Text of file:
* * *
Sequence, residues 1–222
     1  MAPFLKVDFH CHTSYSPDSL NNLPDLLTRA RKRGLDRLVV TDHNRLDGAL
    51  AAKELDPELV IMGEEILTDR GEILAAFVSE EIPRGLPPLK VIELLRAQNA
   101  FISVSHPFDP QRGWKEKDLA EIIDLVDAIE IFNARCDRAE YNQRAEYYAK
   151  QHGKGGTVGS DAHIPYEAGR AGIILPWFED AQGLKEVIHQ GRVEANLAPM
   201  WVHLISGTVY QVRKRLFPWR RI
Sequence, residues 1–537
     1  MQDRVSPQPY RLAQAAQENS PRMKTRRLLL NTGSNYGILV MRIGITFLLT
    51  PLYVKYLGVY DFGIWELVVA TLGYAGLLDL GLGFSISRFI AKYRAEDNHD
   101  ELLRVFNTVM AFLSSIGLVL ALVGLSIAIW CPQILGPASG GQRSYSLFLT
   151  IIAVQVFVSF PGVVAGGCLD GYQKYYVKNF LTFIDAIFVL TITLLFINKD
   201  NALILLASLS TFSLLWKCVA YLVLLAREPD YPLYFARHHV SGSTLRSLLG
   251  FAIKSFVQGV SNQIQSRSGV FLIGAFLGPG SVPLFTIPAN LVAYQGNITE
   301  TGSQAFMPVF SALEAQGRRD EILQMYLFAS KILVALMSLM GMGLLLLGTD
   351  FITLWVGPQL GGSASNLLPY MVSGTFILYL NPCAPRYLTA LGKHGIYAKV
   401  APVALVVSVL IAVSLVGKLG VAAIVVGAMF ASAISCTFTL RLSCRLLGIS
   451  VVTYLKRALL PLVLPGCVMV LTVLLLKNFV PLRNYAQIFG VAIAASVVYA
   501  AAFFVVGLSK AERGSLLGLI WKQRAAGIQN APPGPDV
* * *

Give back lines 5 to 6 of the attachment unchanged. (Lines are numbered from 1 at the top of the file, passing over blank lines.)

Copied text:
   151  QHGKGGTVGS DAHIPYEAGR AGIILPWFED AQGLKEVIHQ GRVEANLAPM
   201  WVHLISGTVY QVRKRLFPWR RI